• Write a letter. Write to the person that's hurting you or stressing you out. Write to the thing that's too much for you to carry. Write to the illness that haunts you or the emotion that won't let you go. Give yourself permission to be brutal, to be vulgar, to be totally and unalterably honest. Write til your head hurts or your fingers ache or you run out of paper or your battery dies. Release the poison and the resentment and the sadness and the ... whatever. And then shred it. Burn it, flush it, delete it. Let the poison out - but restrain yourself from showing your letter to anyone. Just because you've let it out doesn't mean you have to pour it on someone else.
  • Count your blessings - literally. Make a list of what makes you "good enough" or "lovable." Make a list of accomplishments, even if they feel small. Make a list of the things you feel blessed to have, or the people you feel blessed to know.
  • Get outside. Soak up a little sunshine, let the breeze kiss your skin, stand in the rain and let it wash over you. Look around you - look through the ugliness to appreciate the beauty of the world we live in.
And lastly, think about what you're going through. Take yourself out of the situation, and pretend that what you're dealing with is something someone you love is dealing with. Ask yourself what you would tell your best friend, your brother, your daughter, if they were dealing with what you're dealing with? Would you tell them to slow down? To take a break? To show themselves mercy? Would you tell them they are worthy, that they are beautiful? That there is hope, that they have potential?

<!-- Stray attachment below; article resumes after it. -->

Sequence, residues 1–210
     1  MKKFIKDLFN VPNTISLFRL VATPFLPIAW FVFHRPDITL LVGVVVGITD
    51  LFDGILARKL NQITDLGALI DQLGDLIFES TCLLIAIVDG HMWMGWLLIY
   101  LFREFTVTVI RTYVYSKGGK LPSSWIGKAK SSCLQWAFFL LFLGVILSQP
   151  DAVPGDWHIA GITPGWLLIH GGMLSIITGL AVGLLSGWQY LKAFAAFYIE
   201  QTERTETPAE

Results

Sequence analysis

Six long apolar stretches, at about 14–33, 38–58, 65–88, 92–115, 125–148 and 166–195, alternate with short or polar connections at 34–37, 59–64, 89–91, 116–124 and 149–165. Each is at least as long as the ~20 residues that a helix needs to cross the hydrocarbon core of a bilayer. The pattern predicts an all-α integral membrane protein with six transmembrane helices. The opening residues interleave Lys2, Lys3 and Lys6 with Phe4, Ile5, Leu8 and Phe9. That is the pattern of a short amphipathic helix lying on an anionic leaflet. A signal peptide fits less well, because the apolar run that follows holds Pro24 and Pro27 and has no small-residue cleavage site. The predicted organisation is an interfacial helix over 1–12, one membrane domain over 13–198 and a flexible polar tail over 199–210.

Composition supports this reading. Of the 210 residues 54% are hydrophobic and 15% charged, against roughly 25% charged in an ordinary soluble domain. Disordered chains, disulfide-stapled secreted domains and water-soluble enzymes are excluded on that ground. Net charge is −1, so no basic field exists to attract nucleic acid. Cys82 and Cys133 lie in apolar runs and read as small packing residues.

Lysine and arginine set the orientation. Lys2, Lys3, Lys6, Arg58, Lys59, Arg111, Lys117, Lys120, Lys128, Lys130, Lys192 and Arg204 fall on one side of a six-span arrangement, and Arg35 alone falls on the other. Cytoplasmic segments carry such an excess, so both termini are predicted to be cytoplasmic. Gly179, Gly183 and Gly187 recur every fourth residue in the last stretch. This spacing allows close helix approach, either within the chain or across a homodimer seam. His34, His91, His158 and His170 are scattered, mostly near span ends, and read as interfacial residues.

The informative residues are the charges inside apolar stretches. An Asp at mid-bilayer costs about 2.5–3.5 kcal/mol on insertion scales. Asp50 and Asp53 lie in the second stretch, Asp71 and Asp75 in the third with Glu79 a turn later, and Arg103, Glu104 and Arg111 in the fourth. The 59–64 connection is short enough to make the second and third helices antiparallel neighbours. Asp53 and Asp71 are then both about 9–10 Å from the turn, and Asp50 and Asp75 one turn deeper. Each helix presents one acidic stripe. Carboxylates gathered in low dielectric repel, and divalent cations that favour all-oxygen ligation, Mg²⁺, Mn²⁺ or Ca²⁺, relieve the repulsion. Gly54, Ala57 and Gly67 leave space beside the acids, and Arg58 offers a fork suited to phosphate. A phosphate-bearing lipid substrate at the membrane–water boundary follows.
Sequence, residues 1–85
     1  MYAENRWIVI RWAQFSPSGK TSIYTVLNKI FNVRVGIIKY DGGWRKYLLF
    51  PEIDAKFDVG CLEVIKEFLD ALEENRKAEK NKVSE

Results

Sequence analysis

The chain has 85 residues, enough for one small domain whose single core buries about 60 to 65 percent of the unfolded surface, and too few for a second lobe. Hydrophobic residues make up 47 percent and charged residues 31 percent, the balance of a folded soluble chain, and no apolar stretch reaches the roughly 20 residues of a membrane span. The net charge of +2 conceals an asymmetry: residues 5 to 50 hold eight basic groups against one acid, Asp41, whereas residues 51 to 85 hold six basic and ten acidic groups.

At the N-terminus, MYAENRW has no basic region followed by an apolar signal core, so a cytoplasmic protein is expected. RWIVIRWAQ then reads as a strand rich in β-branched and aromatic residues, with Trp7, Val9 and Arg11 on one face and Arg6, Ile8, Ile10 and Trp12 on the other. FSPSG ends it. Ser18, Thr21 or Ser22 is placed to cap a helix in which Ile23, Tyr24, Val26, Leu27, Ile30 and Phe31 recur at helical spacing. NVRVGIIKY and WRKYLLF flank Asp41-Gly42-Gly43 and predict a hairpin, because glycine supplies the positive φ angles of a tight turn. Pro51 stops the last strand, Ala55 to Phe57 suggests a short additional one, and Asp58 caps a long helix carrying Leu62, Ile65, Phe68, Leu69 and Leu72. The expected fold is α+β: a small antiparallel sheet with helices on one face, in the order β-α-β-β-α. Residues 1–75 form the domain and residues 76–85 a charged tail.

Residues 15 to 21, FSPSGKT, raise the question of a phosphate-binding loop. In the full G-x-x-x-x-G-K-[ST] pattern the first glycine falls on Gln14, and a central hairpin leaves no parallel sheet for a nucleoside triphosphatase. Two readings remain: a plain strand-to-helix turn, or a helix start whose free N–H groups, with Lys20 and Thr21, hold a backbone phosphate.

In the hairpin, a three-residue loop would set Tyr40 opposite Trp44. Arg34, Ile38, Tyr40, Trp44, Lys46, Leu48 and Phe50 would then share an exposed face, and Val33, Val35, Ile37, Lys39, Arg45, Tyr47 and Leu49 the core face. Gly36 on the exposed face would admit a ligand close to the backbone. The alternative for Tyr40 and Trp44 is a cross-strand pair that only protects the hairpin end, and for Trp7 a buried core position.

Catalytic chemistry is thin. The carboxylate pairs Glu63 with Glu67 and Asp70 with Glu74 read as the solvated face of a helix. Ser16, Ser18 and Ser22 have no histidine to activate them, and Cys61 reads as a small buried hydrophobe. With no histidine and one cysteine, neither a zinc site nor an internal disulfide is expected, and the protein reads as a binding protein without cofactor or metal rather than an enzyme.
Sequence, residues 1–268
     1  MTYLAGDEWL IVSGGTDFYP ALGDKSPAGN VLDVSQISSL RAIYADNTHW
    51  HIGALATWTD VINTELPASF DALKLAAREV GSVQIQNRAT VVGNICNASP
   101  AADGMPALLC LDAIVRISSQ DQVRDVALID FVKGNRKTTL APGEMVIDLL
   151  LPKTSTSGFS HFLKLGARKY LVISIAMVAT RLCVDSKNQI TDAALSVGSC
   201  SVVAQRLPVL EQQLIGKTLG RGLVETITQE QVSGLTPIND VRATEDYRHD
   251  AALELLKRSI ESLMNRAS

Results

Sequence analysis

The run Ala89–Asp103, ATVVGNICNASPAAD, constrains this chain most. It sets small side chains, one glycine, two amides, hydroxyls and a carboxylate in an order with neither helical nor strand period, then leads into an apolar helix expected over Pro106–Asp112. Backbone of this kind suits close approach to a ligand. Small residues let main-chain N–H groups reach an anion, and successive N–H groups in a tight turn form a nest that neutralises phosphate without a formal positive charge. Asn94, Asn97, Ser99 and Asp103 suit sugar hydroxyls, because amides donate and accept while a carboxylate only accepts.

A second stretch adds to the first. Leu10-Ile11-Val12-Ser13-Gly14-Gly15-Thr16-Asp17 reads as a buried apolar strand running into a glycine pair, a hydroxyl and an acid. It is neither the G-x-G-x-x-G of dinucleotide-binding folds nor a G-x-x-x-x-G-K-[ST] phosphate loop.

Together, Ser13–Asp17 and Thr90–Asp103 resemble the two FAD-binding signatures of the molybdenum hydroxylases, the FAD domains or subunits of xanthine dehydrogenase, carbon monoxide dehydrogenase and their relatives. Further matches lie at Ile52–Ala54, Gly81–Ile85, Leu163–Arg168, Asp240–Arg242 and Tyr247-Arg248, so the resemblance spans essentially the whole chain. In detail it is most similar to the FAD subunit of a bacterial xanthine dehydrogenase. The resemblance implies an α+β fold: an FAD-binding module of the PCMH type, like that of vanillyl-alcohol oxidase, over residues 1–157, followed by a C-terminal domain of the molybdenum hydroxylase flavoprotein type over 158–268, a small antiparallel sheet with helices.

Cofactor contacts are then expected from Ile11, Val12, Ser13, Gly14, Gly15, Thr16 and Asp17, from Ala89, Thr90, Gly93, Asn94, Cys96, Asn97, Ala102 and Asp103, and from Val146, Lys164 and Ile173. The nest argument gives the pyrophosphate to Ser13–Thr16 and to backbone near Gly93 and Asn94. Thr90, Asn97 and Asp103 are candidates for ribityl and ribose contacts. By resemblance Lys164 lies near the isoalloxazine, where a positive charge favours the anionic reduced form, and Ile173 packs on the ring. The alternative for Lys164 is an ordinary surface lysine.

You know you would.

So take your own advice. Give yourself a break.

It worked for me.
Today's "Featured Favorite Product" is truly a self-love staple. I found this great book on Amazon - it's called the Little Book of Mindfulness and it's full of short meditations that remind you to step out of the past, let go of the future, and live in the moment.

Because sometimes, all you need to be able to catch your breath is to allow yourself to stop and breathe - and even though we don't all have the time or the inclination to sit down and meditate for an hour, there is still so much more life to be enjoyed when we make the effort to live presently in each moment as they come.